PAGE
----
In Memory

Russ Krauss

Nan Peppard Krauss sent this sad news about her husband and our classmate, Russ Krauss.

Russ died last Friday, the 25th of Sept. He died of Kidney failure.  He had been in the hospital since the 22nd.  Only a short time.  I was unable to see him in the hospital because of Covid 19.  It seemed cruel to me but that is what they said.  There is no announcement of his death in the paper.  He did not want one.

I feel blessed that I was able to get to know Russ. He was the kindest person I have ever met.  And so very brilliant.  I was just so lucky to be able to spend 9 years with him. 


Here is brief biography that appears on Russ’s “author’s page” at for his two books of short stories published in 2013 and 2014.

Russell Krauss was born and raised in New Jersey, and graduated from Cornell University with a degree in mathematics. He served as an actuary for a national life insurance company, the last thirteen years as senior vice president and chief actuary, and then established his own software and actuarial consulting practice. He is now retired and lives in Nampa, Idaho with his wife Nancy and two cats. They maintain a second home in the mountain resort town of McCall, Idaho. Russell keeps busy writing software, fiction, and commentary. He is currently working on a science fiction novel.


Russ’s strangely riveting stories are impossible to put down once you dare to pick them up. describes Russ’s stories this way:  

Red Breakers includes twenty-one imaginative tales delving into virtual reality, post-apocalyptic survival, spiritual hauntings, purgatory and more, while introducing a host of unearthly creatures like the Riley clan and the shadpire. Science fiction, psychological horror, fantasy and the unclassifiable can all be found in this volume which consistently challenges conventional wisdom as to the nature of reality itself.

Yellow Footsteps, the long awaited sequel to the short story collection Red Breakers is here! Twenty-three riveting, mind bending tales of speculative fiction will engross the reader from the first to the last. Impossible to put down stories across a sweeping spectrum of hard science fiction, fantasy and psychological horror abound, including an irresistible assortment of yarns that defy classification. Fasten your seat belts for an unforgettable trip through the unknown.


You can reach Nan through this website or at 

Her address in Idaho is Nan Krauss, 828 Heartland Drive, Nampa, Idaho, 83686




go to bottom 
  Post Comment

09/30/20 07:56 PM #1    

Linda Linnard (Andre)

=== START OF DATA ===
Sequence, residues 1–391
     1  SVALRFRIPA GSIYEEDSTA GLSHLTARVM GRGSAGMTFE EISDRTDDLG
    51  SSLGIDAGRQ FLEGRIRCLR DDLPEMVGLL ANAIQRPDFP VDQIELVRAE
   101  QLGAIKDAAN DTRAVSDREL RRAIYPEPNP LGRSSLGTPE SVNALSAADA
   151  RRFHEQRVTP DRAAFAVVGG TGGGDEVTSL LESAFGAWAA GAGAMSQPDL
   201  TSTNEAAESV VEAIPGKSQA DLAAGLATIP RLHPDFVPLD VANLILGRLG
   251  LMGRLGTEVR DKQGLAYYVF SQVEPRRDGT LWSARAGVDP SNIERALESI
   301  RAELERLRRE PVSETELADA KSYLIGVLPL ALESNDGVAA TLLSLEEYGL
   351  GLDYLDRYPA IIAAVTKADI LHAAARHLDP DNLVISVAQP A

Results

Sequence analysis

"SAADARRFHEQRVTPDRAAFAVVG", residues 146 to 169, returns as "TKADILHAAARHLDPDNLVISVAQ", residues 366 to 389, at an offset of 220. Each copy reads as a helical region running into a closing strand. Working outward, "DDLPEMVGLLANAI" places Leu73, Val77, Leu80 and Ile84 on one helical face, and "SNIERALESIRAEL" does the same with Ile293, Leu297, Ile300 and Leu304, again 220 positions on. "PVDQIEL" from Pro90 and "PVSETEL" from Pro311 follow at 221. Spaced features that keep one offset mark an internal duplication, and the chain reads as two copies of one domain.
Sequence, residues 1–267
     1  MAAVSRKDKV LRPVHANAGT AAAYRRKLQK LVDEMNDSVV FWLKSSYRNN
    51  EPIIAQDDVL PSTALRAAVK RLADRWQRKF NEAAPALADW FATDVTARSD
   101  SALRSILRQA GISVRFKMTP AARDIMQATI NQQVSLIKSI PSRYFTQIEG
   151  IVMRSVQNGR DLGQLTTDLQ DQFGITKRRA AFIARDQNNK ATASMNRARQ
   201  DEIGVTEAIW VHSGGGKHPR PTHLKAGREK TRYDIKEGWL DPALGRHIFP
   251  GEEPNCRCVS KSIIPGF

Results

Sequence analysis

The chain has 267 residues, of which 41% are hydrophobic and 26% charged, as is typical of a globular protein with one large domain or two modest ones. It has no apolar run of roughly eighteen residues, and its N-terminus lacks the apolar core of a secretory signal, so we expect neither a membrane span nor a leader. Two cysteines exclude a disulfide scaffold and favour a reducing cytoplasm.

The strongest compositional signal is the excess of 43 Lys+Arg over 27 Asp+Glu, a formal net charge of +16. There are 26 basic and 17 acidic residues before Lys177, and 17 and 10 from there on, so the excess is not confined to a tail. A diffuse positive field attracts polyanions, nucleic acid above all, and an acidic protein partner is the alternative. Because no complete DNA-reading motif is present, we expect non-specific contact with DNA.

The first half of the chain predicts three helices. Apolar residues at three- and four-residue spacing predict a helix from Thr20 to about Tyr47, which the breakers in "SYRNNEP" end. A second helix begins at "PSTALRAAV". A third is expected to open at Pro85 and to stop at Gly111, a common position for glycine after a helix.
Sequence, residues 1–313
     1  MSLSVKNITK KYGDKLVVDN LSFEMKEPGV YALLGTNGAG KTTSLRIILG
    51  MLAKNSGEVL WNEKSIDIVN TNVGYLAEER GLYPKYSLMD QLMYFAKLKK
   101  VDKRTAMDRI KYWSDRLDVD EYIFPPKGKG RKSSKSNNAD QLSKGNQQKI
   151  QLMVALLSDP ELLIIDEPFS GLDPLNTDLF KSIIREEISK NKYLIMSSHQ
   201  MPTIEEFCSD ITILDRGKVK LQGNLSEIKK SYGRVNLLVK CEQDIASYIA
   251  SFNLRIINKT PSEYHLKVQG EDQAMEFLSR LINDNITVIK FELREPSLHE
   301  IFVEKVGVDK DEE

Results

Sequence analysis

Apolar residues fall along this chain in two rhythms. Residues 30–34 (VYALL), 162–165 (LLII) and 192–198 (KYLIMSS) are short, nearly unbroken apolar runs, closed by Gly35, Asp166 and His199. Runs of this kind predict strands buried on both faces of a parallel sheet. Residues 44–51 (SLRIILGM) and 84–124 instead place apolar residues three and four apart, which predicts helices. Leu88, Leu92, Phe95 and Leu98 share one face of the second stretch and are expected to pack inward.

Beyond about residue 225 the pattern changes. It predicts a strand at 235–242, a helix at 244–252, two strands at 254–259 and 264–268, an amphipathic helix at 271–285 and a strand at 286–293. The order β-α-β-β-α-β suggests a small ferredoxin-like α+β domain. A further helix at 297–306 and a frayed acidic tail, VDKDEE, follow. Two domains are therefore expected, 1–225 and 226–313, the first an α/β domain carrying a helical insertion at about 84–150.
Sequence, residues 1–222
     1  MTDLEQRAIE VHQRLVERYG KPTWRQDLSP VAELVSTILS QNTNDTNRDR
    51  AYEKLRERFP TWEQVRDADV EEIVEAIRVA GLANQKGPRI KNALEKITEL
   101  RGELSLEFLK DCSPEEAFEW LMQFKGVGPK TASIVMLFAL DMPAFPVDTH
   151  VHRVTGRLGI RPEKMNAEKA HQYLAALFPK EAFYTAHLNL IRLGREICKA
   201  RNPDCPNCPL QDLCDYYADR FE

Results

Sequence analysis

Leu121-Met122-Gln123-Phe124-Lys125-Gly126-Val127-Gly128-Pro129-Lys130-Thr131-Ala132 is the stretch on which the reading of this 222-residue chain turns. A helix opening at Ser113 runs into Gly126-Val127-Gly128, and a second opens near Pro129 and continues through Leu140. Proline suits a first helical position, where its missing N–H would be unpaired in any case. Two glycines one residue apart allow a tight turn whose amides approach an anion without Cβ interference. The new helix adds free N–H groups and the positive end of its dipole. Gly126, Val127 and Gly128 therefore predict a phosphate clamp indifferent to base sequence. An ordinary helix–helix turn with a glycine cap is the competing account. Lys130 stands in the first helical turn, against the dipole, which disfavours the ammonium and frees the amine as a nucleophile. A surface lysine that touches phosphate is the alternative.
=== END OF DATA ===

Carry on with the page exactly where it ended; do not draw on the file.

Russ had a wonderful way with words, whether he was writing weird but oddly believable stories or sharp social/political commentary.  In the last some years, he sent me wonderful cartoons that were always right on target.  I will miss having him as a long-distance, kind, and thoughtful friend.



10/01/20 10:56 AM #2    

Janet Kipp (Tribus)

We knew him as Rusty when we were elementary school kids. He lived up on Highland Avenue...Our playmates were Carolyn Pierce, Jane Taylor, Donna Lake, Ginger Salmond, Jerry Brown, Brad Stark, maybe Tom Wenner...we would go up in the woods above Highland and create 'communities' sort of like the Wild West with post office, bank, roads. Very creative and fun times!!


10/01/20 11:27 AM #3    

Lennie Stovel

I read most of the stories in Russ's two books. As I was reading, I was always thinking of The Twilight Zone -- the same suspense and surprise outcomes. I enjoyed the stories.

10/01/20 08:59 PM #4    

John Taylor

Russ, Rusty, “Goose”: he had several names growing up. If memory serves correctly, and it doesn’t always, we met in kindergarten class. At some point in the next few years we began to walk to school together. We continued to go to school together, walking to Bradford and Mt. Hebron and either riding the Bus 60 or walking to Montclair High every day all those years. We met at the corner of Normal and Highland Avenues every morning.

We did a lot of things together, rode our bikes, played kill-the-man-with-ball, baseball, basketball, ran around the track at Montclair State together, crushed the weeds in his next door lot while rolling downhill in a large cardboard box. We spent a lot of time together in classes. We spent a lot of time wandering around on the “mountain”, behind my parents’ house. We talked a lot about anything and everything. We took our first drinks together by snitching it from our parents’ supplies. We had our first smokes (cigarette and pipe) together. That ended, though, one day while smoking at the corner of Valley Rd and Lorraine Ave waiting for the bus home. To our chagrin a car came along side the curb, the window rolled down, an arm stretched from the driver’s seat toward me, the index finger extended, the hand turned palm upward and the index finger beckoned me to come over. We were in Junior High at the time. The driver was my mother. I don’t know about Russ, but I haven’t had a puff since. Without any intent to disparage anyone else, or his or my own relationships with anyone else, it is hard to believe that either of us spent more time with anyone else from school than we spent together during those thirteen years. We learned with and from each other. We laughed together and shared each other’s concerns. In short, we grew up together.

We may have seen each other a few times while on vacation during college but work and life after college sent us in different directions. Much of that time, if not half a world apart, we were at least half a continent apart. We never saw each other again. That is to my detriment. Russ, Rusty, “Goose” was a truly good friend. These few memories remind me of that.

Jack (John) Taylor

go to top 
  Post Comment